What does bodily injury liability insurance cover?
What’s covered and not covered by bodily injury protection varies depending on your policy and state regulations. That being said, there are a few things that are usually covered under this type of coverage:
Medical expenses: This includes hospital bills, doctor’s visits, physical therapy, and other ongoing care.
Loss of income: If someone can’t work because of an injury you caused, your insurance will cover all or part of their wages directly lost due to the accident.
Pain and suffering: Some states allow people to sue for pain and suffering, which is the recuperation of losses due to psychological pain or a chronic physical condition.
Funeral costs: If someone dies as a result of an accident you caused, your insurance can help cover the costs of a funeral.
Legal fees: If you’re sued by someone injured in an accident you caused, liability coverage will pay for your legal defense and court costs.
Keep in mind that your liability protection may not cover you if you were breaking the law. For example, driving under the influence of alcohol or drugs can void your insurance. Exclusions like this should be listed in the “exclusions” section of your policy documents. Be sure to ask questions about exclusions if you’re unsure how your policy works.
Who is covered by bodily injury protection?
Bodily injury protection covers medical costs for the people you injure in an at-fault accident. That includes:
But there’s one person who’s not on this list: you. In most cases, you are not covered by your bodily injury protection coverage. Depending on state laws, your medical bills can be covered by:
If you live in a no-fault state, the injuries to passengers in your car may be covered by PIP insurance.
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What are the coverage limits for bodily injury liability insurance?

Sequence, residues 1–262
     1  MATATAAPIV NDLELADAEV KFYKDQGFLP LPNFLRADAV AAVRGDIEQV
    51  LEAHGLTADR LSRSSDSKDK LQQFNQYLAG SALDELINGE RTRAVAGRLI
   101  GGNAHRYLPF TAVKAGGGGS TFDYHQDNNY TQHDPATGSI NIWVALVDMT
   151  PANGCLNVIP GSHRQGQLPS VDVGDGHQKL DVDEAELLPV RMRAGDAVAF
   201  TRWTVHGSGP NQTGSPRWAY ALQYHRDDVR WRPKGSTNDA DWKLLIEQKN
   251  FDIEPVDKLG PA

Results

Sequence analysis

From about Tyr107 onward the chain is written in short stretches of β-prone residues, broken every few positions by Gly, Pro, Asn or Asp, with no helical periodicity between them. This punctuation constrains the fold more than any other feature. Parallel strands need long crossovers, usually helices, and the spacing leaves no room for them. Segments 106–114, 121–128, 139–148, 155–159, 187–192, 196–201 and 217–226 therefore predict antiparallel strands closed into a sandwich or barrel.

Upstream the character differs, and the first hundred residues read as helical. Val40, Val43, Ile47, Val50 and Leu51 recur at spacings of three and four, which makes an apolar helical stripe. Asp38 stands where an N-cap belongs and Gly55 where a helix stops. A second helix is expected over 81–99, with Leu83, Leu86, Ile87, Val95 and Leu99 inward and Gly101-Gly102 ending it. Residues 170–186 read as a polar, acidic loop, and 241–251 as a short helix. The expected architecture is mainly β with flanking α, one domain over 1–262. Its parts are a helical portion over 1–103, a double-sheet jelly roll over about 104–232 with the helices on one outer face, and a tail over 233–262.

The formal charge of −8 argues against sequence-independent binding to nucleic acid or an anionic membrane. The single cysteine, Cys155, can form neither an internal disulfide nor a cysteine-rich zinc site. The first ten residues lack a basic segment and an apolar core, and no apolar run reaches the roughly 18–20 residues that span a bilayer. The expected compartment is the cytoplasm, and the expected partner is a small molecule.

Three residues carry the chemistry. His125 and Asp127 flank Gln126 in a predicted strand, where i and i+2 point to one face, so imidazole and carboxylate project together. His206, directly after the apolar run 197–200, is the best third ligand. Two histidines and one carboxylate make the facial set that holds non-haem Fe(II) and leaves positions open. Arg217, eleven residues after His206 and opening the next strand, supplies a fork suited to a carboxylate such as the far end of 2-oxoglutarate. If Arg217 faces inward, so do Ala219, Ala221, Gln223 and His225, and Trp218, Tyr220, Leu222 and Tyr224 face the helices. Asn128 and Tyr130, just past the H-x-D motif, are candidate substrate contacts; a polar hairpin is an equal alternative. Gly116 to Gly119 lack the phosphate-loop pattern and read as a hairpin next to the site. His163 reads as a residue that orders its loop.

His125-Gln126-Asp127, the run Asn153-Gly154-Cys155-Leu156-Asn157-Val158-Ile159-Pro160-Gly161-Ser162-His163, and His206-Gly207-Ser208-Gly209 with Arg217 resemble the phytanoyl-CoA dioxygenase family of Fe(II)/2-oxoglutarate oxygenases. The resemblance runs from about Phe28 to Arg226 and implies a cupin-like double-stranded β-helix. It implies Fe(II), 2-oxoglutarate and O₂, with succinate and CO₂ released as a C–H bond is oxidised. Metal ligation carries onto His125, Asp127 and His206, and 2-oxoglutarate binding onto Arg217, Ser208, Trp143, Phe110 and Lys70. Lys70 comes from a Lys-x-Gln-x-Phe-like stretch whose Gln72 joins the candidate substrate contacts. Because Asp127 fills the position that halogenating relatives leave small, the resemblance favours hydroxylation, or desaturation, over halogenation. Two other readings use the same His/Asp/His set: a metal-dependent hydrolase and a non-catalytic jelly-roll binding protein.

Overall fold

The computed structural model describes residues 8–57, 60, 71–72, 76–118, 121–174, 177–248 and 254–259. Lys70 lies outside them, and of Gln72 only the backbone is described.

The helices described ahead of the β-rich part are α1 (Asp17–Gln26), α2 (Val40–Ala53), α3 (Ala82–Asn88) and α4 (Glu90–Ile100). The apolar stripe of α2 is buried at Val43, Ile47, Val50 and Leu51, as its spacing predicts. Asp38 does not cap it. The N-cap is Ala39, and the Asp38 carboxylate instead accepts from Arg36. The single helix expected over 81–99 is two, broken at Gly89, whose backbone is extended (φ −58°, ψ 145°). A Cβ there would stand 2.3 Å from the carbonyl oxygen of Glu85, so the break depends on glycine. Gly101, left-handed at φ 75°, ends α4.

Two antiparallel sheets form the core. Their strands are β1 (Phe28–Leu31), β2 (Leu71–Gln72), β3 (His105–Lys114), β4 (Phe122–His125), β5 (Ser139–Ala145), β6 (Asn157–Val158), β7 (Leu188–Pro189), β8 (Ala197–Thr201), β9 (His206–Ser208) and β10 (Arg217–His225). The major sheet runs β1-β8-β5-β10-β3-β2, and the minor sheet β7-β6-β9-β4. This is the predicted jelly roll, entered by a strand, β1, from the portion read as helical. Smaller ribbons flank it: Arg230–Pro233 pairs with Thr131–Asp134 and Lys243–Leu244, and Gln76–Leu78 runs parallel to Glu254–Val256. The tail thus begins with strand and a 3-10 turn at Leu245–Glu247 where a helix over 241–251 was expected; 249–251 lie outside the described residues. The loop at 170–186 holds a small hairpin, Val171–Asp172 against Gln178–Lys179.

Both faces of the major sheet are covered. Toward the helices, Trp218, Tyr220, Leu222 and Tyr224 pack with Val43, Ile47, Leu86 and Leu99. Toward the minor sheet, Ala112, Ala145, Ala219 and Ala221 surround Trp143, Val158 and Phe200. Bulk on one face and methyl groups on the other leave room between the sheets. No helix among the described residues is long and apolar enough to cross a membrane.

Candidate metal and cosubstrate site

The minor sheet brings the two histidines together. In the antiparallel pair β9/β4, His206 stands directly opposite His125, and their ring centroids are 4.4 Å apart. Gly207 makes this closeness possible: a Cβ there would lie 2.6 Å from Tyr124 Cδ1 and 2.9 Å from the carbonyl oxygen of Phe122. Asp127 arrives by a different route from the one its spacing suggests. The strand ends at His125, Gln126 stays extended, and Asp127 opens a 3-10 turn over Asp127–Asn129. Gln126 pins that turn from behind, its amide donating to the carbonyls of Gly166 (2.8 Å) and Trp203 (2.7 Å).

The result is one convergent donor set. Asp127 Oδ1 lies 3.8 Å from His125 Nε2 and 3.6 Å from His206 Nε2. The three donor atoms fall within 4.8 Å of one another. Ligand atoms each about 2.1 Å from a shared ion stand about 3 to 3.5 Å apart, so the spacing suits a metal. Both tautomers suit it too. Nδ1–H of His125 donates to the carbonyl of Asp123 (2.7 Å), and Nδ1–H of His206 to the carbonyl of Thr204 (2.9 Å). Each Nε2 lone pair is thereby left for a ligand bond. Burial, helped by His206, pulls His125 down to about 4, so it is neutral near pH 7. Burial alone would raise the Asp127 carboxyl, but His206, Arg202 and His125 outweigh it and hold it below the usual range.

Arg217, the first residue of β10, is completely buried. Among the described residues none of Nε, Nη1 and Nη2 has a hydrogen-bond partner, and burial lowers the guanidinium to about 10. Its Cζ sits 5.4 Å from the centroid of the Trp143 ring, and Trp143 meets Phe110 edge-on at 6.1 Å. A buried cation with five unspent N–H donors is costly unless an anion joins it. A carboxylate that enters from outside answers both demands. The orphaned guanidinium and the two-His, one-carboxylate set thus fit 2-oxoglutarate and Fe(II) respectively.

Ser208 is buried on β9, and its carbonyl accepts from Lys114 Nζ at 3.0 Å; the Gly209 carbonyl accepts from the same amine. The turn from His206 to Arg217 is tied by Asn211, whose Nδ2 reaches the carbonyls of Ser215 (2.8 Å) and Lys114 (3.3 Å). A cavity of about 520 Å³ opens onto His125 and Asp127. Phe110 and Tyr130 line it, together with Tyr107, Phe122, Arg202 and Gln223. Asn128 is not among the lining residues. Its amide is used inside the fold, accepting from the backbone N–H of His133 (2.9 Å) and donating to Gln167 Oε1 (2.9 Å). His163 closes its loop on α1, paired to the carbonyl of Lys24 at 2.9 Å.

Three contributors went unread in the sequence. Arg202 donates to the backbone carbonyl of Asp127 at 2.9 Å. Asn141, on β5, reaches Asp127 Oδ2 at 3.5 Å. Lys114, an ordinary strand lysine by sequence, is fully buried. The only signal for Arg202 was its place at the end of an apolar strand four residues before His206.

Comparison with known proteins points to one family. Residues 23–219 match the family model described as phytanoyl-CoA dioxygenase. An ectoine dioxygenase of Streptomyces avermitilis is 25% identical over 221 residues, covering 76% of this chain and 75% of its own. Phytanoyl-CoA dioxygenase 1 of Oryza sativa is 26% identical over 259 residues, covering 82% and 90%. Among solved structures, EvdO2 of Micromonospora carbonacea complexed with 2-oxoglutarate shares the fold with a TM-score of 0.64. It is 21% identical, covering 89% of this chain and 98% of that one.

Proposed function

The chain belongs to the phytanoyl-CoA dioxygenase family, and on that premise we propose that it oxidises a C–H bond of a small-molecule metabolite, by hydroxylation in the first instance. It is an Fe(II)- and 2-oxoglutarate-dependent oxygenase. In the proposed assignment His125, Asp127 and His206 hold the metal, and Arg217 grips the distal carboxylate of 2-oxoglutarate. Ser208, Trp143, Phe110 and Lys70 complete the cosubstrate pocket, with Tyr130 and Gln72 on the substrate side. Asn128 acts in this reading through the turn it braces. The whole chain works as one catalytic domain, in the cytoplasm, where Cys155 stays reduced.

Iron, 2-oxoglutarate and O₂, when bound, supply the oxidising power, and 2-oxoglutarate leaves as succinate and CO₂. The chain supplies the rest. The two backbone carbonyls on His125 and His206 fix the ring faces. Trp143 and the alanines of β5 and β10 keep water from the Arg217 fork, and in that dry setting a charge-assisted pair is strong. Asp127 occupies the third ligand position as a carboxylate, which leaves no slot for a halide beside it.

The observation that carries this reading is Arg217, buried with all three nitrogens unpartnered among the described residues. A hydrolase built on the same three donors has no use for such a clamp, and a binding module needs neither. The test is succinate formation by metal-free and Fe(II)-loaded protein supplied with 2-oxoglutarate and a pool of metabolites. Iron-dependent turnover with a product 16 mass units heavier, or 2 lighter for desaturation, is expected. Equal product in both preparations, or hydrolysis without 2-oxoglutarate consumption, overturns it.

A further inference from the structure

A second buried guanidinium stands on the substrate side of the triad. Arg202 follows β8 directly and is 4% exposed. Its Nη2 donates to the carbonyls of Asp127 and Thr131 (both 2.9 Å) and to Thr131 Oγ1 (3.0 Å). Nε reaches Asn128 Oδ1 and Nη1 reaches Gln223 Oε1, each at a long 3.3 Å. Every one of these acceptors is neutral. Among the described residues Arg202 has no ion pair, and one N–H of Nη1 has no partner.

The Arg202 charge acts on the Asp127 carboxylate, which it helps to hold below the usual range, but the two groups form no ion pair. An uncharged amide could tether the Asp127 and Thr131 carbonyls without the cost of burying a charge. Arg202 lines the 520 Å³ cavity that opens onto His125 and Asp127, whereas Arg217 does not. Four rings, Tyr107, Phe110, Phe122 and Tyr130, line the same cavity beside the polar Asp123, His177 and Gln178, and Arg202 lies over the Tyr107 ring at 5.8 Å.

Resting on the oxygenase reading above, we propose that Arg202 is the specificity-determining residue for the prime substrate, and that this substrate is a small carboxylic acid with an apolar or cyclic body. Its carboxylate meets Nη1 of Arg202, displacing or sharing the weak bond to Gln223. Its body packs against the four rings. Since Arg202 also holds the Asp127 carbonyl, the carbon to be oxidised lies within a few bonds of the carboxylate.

The coverage limits for bodily injury protection vary according to the policy. Every policy will state its exact limits, both the limit per injured person and the limit per accident. These limits are represented most often this way:
Bodily injury coverage per person / Bodily injury coverage per accident
If your bodily injury coverage limits are “25/50,” you’re covered for $25,000 of bodily injury protection per person and $50,000 of bodily injury protection per accident. So, if three people sustain damages of $25,000 (for a total of $75,000), you’re stuck covering a third of those costs. Even though each person’s loss is within your coverage limit, the total loss exceeds the total coverage limit per accident.
What is the difference between bodily injury and property damage liability?
Bodily injury liability covers losses related to the damage you’ve caused to another person’s body while driving your car. Damages can include physical and psychological harm.
Property damage liability insurance is the final piece of liability protection. It covers losses related to the damage you’ve caused to property. That can include another person’s car, home, and other belongings. It doesn’t cover damages to your property—you need collision coverage and comprehensive coverage for that.
Both coverage types come with their own coverage limits and fine print about what is and isn’t covered. The reason you see property damage combined with bodily injury is because they’re both part of liability insurance—the type of insurance that protects you when you make a mistake. Liability insurance coverage limits are split limit, represented shorthand this way:
Bodily injury coverage per person / Bodily injury coverage per accident / Property damage liability coverage
So a “100/300/100” policy covers you for $100,000 of bodily injury liability per person, $300,000 of bodily injury liability per accident, and $100,000 of property damage liability.
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